Blackout: Coal, Climate and the Last Energy Crisis
Coal fuels more than 30 per cent of UK electricity production, and about 50 per cent in the US, providing a significant portion of total energy output. China and India's recent ferocious economic growth has been based almost entirely on coal-generated electricity. Coal currently looks like a solution to many of our fast-growing energy problems. However, while coal advocates are urging us full steam ahead, the increasing reliance on this dirtiest of all fossil fuels has crucial implications for energy policy, pollution levels, the global climate, world economy and geopolitics. Drawbacks to a coal-based energy strategy include: Scarcity - new studies suggest that the peak of world coal production may actually be less than two decades away; Cost - the quality of produced coal is declining, while the expense of transportation is rising, leading to spiralling costs and increasing shortages; and, Climate impacts - our ability to deal with the historic challenge of climate change may hinge on reducing coal consumption in future years. Blackout goes to the heart of the tough energy questions that will dominate every sphere of public policy throughout the first half of this century. It is critical reading for planners, educators and anyone concerned about energy security, oil depletion and climate change.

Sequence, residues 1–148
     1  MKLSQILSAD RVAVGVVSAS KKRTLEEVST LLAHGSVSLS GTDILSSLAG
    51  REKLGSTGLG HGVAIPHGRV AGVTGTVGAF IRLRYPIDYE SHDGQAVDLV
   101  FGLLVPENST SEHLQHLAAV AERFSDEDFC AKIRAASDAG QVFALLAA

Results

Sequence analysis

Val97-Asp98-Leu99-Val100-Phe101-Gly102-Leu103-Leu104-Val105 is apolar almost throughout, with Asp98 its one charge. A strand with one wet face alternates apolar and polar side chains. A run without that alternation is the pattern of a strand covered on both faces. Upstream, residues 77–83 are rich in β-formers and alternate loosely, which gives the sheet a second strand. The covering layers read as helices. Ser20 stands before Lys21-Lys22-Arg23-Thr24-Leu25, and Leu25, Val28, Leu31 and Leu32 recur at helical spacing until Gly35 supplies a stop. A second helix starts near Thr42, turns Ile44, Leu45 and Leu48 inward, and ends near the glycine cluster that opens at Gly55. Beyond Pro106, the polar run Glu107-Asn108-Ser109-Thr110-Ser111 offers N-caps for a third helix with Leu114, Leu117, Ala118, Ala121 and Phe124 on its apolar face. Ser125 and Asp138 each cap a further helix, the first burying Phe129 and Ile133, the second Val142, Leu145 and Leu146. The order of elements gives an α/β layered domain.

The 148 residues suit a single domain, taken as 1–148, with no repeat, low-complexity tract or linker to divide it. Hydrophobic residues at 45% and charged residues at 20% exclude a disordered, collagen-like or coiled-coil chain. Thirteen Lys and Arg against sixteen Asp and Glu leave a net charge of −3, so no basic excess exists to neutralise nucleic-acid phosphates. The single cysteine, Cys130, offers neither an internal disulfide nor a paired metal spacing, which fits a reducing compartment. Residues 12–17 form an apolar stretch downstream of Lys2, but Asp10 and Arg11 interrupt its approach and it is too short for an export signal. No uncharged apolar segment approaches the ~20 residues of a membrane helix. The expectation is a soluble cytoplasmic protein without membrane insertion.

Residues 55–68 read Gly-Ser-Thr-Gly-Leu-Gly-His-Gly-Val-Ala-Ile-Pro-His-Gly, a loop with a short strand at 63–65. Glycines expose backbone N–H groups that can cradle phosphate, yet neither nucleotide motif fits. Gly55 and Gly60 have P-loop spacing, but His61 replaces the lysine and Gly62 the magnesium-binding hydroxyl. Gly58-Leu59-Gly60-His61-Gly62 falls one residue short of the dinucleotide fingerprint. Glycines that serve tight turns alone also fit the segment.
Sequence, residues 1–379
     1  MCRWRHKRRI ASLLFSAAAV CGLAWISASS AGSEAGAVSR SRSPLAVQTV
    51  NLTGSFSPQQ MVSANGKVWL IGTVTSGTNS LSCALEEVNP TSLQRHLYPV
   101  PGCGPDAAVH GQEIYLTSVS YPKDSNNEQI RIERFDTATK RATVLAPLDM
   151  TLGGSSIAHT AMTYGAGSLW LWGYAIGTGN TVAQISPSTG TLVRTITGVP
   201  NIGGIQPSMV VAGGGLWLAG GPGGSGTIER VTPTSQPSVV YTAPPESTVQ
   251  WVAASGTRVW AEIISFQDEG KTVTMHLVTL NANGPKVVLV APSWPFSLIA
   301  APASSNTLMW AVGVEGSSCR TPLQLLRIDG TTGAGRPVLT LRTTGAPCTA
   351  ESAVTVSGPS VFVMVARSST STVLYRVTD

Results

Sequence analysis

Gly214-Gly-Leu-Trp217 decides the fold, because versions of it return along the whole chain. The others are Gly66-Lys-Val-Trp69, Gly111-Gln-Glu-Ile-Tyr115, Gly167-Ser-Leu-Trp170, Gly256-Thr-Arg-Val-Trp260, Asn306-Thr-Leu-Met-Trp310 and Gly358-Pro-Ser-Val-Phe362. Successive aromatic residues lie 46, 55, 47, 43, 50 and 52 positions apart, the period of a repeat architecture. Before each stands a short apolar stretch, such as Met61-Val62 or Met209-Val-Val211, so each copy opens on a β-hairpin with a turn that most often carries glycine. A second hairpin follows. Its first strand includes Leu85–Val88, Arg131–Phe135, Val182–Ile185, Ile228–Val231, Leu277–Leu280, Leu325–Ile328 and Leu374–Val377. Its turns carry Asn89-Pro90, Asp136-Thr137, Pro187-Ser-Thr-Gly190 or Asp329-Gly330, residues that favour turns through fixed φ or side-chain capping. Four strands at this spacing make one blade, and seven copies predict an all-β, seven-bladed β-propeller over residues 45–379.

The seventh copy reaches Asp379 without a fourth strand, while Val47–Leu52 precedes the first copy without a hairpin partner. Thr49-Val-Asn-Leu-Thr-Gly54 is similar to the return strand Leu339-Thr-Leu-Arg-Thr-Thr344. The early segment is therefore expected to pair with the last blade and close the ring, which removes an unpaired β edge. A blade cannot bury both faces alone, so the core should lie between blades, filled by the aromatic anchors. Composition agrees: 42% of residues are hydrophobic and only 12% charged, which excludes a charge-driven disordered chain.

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Review: Blackout: Coal, Climate And The Last Energy CrisisUser Review - Terry Oliver - Goodreads
Heinberg's output is prolific and always well researched - not as compelling as Peak Everything but worth reading. Read full review
Review: Blackout: Coal, Climate And The Last Energy CrisisUser Review - Peter - Goodreads
He may not get all the details right, but his general points (that we have enjoyed a period of uniquely inexpensive and accessible fossil energy, that energy prices are destined to rise dramatically ... Read full review
How Much Coal Do We Have?
Coal in the United States
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Coal and Climate